from The American Heritage® Dictionary of the English Language, 5th Edition.

  • noun The fact of being responsible for the commission of an offense; moral culpability. synonym: blame.
  • noun Law The fact of having been found to have violated a criminal law; legal culpability.
  • noun Responsibility for a mistake or error.
  • noun Remorseful awareness of having done something wrong.
  • noun Self-reproach for supposed inadequacy or wrongdoing.
  • transitive verb To make or try to make (someone) feel guilty.

from The Century Dictionary.

  • To commit offenses; act criminally.
  • An obsolete spelling of gilt.
  • noun A fault; an offense; a guilty action; a crime.
  • noun That state of a moral agent which results from his commission of a crime or an offense wilfully or by consent; culpability arising from conscious violation of moral or penal law, either by positive act or by neglect of known duty; criminality; wickedness.
  • noun Technical or constructive criminality; exposure to forfeiture or other penalty.

from the GNU version of the Collaborative International Dictionary of English.

  • noun The criminality and consequent exposure to punishment resulting from willful disobedience of law, or from morally wrong action; the state of one who has broken a moral or political law; crime; criminality; offense against right.
  • noun Exposure to any legal penalty or forfeiture.
  • noun A feeling of regret or remorse for having committed some improper act; a recognition of one's own responsibility for doing something wrong.

from Wiktionary, Creative Commons Attribution/Share-Alike License.

  • verb intransitive, obsolete To commit offenses; act criminally.
  • verb transitive To cause someone to feel guilt, particularly in order to influence their behaviour.
  • noun Responsibility for wrongdoing.
  • noun Awareness of having done wrong.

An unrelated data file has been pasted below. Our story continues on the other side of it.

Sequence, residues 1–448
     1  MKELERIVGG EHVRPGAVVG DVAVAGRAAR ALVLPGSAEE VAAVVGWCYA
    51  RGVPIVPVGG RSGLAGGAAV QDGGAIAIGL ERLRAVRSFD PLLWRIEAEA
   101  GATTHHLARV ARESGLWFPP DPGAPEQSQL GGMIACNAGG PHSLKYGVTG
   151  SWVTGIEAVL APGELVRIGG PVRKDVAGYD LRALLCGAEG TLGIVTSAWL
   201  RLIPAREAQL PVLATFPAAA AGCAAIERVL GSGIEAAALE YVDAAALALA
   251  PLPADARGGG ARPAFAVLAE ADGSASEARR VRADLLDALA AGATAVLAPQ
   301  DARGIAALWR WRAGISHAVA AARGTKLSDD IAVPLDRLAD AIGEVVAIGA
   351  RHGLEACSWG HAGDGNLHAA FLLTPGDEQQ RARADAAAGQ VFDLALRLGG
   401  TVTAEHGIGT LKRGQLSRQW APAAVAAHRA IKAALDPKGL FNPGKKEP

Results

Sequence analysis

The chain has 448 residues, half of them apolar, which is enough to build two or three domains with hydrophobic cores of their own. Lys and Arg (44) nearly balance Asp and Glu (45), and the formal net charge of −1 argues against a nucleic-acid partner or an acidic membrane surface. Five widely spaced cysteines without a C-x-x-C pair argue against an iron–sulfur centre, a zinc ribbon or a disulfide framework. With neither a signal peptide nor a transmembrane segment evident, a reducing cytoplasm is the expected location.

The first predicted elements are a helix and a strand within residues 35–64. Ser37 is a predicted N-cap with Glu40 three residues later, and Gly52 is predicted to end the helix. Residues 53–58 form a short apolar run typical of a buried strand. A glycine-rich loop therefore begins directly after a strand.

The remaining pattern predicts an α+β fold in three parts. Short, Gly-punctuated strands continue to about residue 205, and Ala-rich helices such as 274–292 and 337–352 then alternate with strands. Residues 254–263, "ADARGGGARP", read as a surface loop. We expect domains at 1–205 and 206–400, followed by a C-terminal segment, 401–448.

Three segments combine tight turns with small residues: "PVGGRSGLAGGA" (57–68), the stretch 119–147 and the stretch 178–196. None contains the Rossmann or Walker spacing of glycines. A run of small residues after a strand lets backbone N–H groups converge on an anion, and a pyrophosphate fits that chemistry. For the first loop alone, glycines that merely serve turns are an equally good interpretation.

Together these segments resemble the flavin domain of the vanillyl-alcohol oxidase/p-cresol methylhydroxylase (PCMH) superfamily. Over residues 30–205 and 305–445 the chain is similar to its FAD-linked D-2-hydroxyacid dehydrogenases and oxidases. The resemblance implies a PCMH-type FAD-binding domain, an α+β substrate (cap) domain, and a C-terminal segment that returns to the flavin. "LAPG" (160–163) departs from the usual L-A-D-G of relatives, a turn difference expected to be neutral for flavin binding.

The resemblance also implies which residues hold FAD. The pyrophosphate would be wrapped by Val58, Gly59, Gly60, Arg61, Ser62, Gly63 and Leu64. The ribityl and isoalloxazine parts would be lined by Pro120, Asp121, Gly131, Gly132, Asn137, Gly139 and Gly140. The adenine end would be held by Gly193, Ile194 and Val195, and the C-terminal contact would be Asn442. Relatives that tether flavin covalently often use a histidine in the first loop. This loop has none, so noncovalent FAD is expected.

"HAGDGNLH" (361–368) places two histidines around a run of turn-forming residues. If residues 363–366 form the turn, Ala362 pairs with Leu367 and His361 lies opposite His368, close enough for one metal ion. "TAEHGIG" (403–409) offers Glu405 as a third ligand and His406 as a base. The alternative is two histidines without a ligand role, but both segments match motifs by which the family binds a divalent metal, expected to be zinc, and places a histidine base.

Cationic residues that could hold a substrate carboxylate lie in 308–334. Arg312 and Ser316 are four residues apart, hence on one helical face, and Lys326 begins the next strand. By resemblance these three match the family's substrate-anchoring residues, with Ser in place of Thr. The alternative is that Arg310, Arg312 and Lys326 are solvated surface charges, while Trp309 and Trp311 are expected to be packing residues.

• noun The fact of having done wrong.
  • noun law The state of having been found guilty or admitted guilt in legal proceedings.

from WordNet 3.0 Copyright 2006 by Princeton University. All rights reserved.

  • noun the state of having committed an offense
  • noun remorse caused by feeling responsible for some offense


from The American Heritage® Dictionary of the English Language, 4th Edition

[Middle English gilt, from Old English gylt, crime.]

from Wiktionary, Creative Commons Attribution/Share-Alike License

From Middle English gilten, gylten, from Old English gyltan ("to commit sin, be guilty"), from gylt ("guilt, sin, offense, crime, fault").

from Wiktionary, Creative Commons Attribution/Share-Alike License

From Middle English gilt, gult, from Old English gylt ("guilt, sin, offense, crime, fault"), of obscure origin. Perhaps connected with Old English ġieldan ("to yield, pay, pay for, reward, requite, render, worship, serve, sacrifice to, punish"). See yield.


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  • II. ii.56 (444,8) gild the faces of the grooms withal,/For it must seem their guilt] Could Shakespeare possibly mean to play upon the similitude of _gild_ and _guilt_.

    Notes to Shakespeare, Volume III: The Tragedies Samuel Johnson 1746